Try one or all of these Sunday rituals to kickstart a feel-good week.
Block out time for yourself
“Don’t try and find the time, schedule time.” —Noah Kagan
Proactively schedule time to rest, recharge and rejuvenate your mind and body throughout the week. It could be going for a walk, enjoying a long bath or taking a nap. It could be practising yoga or going for a bike ride. It could be journalling, meditating or painting. It could be kicking back on the couch and watching some Netflix.
We all have different ways of caring for ourselves, and once we crack our own personal self-care code, it becomes a lot easier to look after ourselves.
What does your version of self-care look like? It can be helpful to brainstorm a list of activities and rituals that fill up your cup. Consider things you can do in less than 10 minutes, within 30 minutes and within 60 minutes. This will give you a practical list to refer back to when you are stuck for ideas.
The keyword here is realistic. Unrealistic to-do lists (the ones that feel endless) will have you feeling overwhelmed before the week can even start. Realistic to-do lists (the ones that allow you to pace yourself) provide a sense of purpose and reduce decision fatigue when Monday rolls around.
You might want to begin by brain dumping everything that’s on your mind. That's what I use the Drawing Board in Curation for.
Filter through your list and consider what is truly a priority for the week. Once you have your top priorities, consider what else you can realistically do this week, taking into account your various appointments and commitments. Avoid overloading. Embrace the white space in your planner.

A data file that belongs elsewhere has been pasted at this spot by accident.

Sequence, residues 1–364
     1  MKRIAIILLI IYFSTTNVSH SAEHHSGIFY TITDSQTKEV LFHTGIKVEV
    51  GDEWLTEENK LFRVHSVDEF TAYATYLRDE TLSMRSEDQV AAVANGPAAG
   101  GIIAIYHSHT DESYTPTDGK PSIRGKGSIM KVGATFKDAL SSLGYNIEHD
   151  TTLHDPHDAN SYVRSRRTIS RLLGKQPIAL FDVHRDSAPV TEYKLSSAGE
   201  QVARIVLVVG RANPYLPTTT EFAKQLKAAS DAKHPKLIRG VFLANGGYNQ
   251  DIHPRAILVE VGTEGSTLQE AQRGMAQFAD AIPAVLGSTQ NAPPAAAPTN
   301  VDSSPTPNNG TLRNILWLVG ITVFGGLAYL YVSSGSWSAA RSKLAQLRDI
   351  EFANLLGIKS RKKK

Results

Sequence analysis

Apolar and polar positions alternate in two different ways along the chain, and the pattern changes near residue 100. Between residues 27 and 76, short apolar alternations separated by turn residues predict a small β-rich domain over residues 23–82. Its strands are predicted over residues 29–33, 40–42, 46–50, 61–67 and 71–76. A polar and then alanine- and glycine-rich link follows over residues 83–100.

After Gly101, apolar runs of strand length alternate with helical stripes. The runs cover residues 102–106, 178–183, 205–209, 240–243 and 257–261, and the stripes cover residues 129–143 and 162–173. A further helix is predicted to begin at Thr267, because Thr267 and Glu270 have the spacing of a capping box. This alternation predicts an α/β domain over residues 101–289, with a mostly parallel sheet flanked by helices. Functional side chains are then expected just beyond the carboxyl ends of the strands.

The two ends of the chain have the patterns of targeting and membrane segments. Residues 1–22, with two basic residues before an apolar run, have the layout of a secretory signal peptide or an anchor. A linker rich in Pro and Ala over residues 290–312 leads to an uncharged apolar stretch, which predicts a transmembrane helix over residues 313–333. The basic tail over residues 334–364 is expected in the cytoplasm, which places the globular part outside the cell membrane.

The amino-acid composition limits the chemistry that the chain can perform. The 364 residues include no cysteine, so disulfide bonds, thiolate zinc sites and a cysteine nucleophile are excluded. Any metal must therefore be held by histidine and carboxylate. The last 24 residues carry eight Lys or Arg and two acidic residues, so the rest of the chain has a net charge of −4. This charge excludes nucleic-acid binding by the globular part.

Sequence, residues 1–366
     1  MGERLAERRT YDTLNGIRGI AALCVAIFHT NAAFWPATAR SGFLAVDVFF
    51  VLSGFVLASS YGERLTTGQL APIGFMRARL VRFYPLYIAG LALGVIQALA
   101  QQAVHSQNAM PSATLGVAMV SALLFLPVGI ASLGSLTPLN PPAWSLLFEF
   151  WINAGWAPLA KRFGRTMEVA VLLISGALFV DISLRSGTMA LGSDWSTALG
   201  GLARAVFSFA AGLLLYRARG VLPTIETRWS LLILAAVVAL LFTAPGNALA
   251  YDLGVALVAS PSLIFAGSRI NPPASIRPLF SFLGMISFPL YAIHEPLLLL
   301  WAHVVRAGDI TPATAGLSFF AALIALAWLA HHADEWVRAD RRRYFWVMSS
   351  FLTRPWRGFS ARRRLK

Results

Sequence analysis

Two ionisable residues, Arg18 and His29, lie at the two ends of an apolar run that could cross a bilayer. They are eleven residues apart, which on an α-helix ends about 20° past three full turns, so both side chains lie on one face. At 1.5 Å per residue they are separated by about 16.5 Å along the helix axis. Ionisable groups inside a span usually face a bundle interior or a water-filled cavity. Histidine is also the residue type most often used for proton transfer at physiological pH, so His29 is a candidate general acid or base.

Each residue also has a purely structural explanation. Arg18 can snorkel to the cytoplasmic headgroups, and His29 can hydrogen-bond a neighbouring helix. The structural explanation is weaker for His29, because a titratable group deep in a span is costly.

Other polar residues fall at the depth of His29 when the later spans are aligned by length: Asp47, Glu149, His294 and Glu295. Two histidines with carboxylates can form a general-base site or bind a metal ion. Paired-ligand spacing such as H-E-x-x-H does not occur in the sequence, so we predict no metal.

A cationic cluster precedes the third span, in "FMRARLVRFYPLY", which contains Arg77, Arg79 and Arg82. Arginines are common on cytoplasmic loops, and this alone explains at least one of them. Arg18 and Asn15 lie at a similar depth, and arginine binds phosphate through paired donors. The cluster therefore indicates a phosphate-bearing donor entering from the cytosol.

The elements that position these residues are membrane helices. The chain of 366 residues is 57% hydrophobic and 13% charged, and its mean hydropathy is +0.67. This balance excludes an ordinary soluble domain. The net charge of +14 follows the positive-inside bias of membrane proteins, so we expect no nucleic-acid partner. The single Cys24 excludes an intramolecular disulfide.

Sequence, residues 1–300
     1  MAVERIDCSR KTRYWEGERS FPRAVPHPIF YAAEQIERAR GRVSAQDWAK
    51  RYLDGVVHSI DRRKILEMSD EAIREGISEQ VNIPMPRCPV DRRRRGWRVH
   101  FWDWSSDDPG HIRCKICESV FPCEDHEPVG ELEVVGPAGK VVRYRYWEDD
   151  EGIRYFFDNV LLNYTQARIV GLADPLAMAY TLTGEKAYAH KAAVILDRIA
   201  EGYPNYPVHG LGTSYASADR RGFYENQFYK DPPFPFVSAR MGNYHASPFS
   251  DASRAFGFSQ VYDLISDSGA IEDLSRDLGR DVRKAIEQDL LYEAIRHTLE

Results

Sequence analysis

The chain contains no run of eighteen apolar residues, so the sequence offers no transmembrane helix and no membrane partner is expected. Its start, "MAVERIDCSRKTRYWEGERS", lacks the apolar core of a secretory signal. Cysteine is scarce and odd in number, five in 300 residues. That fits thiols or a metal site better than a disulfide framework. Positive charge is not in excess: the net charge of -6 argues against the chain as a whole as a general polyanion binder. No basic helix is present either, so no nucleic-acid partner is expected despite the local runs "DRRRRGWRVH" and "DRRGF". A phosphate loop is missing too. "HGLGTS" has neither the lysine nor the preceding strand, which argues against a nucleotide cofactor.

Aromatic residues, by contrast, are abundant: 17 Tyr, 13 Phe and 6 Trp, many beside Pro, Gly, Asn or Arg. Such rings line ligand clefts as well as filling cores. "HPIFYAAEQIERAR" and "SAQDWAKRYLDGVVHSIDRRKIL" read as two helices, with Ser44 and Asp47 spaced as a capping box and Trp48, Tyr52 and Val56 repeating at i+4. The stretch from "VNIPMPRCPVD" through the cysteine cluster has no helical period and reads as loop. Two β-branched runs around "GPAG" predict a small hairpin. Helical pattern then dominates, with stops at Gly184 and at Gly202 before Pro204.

If you feel as though everythingis a priority (we all feel this way sometimes), stop and ask yourself these five specific questions. This will help you figure out what is actually a priority, and ultimately focus your time and energy mindfully.
Plan your meals in advance
Consider your state of mind after a long day at work. Figuring out what to eat and whether you have the necessary ingredients can feel like a very annoying chore.
Planning your meals in advance saves you unnecessary decision making during the week and helps you make more mindful food choices rather than ones motivated by your level of hunger and tiredness.
Take a look at your appointments and commitments for the week and consider the cooking time of the recipes you’re looking at.
You might also find it helpful to include some “leftover” dinners to make it easier on yourself on the days you have a lot more on your plate (pun intended).
For example, if Tuesday is looking like a big day, can you cook more on Monday to alleviate the stress of cooking on Tuesday?